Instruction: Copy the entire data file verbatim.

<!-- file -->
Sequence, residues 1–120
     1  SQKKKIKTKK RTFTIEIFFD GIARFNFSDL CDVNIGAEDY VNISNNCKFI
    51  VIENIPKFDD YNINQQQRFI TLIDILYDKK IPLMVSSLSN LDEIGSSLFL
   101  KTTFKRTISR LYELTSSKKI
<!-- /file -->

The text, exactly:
Sequence, residues 1–120
     1  SQKKKIKTKK RTFTIEIFFD GIARFNFSDL CDVNIGAEDY VNISNNCKFI
    51  VIENIPKFDD YNINQQQRFI TLIDILYDKK IPLMVSSLSN LDEIGSSLFL
   101  KTTFKRTISR LYELTSSKKI